Articles

, ,

Record de grève en France

De l’autre côté de l’océan, chaque nouveau jour de grève place la barre un peu plus haute et se rapproche des records établis en Mai 68.

Entrant déjà dans sa cinquième semaine d’activité, le mouvement de contestation contre la réforme des régimes de retraite ayant actuellement lieu en France se place déjà comme l’un des plus grands mouvements de grève que le pays ait connus depuis longtemps.  Le 2 janvier, les cheminots de la Société nationale des chemins de fer français (SNCF), surclassaient les grèves de 1995 et 2010 et fracassaient leur précédent record de 28 jours consécutifs, établi en 1986.

Alors que rien ne laisse présager une sortie rapide, de nombreux médias, tels le Nouvel Observateur (l’Obs) et The Independant, ont annoncé que le mouvement de grève actuel pourrait apparaitre comme le troisième plus long de l’histoire de la France, tout juste derrière les évènements de Mai 1968 et du Front Commun de 1936. Il faut dire que le débrayage avait commencé en grande pompe, lorsque le 8 décembre :

Plus d’un million de travailleuses et travailleurs avait manifesté dans les rues de plus de 300 villes, les transports publics étaient à l’arrêt en région parisienne et dans de nombreuses villes beaucoup d’avions sont restés cloués au sol, plus de 70 % des enseignant·e·s étaient en grève avec de nombreuses écoles fermées, le personnel des hôpitaux publics et privés a aussi été au cœur de la bataille. Il en va de même dans les entreprises du privés, où les salairé.es se sont largement mobilisé.es.  (CNT-F)

Si certains observateurs notent un certain ralentissement des actions qui placent côtes à côtes les employé.es du transport ferroviaire et aérien, de la santé, de l’éducation, de la production pétrolière et de certains secteurs de la justice, la reprise des négociations, le 7 janvier, pourrait très bien remettre de l’huile sur le feu.

X374166

crédit photo : Paule Bodilis
https://flickr.com/photos/jmenj/49287405973/

Radicalization of the May 1st 2015 Strike

Pour lire cet article en français, cliquez ici. 

A phantom haunts the province of Quebec. It is the phantom of the General Strike. Since 2012, our elites have known that the working class, the students, and all those who continue to decry injustice and repression have the power to take to the streets and impose their legitimacy in the face of the State. Despite this dread, the high-priests of capitalism, and especially those preaching its liberal vision, can not hold back from waging an open war against everything that isn’t merchandise, against everything that isn’t financially valuable. From budget cuts to over-arming police forces, and from underpaid jobs to public insults against the poor and the exploited, everything leads one to believe that Quebec is now the foreground of unbridled capitalism. This neo-liberal paradise, protected by the State and its minions, ruins our lives and those of our families and friends, quashes what little is left of our liberty, spits in the faces of those most hard on their luck and on the misery of its own creation.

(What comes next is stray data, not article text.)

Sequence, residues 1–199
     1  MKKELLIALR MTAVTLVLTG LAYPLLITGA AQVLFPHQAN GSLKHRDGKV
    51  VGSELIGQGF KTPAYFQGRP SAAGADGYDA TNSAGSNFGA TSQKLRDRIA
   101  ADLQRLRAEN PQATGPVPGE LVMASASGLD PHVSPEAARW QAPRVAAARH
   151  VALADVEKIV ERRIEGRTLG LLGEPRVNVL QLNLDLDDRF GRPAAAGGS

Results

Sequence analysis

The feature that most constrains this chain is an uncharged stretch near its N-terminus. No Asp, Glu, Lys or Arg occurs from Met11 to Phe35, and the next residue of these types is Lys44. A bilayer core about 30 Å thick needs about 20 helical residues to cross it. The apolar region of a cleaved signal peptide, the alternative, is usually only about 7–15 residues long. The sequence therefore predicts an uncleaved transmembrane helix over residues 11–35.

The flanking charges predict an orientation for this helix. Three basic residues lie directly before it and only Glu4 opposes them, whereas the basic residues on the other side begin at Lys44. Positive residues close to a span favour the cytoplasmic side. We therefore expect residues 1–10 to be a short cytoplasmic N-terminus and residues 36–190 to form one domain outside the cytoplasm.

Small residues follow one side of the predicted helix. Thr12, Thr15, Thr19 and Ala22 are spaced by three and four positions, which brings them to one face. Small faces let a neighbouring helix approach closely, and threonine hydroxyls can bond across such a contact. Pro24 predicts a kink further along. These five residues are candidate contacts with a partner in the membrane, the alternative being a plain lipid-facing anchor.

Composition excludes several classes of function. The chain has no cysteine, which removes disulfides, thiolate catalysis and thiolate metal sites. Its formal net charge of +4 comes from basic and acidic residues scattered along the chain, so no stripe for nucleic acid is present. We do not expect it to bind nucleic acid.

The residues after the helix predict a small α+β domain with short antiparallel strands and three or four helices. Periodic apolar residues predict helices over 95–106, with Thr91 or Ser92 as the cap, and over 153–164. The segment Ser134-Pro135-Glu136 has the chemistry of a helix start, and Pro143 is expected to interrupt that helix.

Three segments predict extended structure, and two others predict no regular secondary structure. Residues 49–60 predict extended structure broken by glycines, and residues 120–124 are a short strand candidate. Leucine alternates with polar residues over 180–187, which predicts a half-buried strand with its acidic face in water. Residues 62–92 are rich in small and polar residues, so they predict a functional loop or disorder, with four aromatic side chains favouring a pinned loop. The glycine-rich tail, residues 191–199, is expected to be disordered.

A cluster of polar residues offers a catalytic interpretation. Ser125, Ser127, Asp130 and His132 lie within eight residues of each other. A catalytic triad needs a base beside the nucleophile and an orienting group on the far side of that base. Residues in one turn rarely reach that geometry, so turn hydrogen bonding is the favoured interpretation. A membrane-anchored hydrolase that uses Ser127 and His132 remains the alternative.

We have long ceased to believe in the regulatory capacity of this system. By destroying itself, it will destroy us too. Each new day we are reminded of this programmed failure: environmental disasters, increased inequality, the deterioration of working conditions, institutional racism, systemic corruption of our political system, and harassment of women in their workplaces or at school. Generally speaking, it is all forms of domination that are dangerously increasing, pushing the most exploited and dominated to the breaking point, all in order to install our elites on a too-comfortable pedestal.

This is why we call the rebellious among us to insurrection. We hope that the spring will bring out the most angry, those who are disgusted at the system, in the streets and in actions. Because apathy just isn’t enough, we firmly believe in our common capacity to create a better world. More than a simple timely struggle against austerity, we see on the horizon the premises of a social war, of which the 2012 strike was only a beginning. Each government, left or right, has tried time and again to impose their rotten economic and societal concepts upon us. A single day of strikes is not enough to push back a government which dearly protects the financial assets of the most dominant in society. We believe that a global revolt of all society must emerge during the spring. This revolt must be planned on the long term: in Quebec as in Europe, there are too many recent examples that demonstrate the futility of punctual and singular actions against governments that are now used to and prepared for social discontent.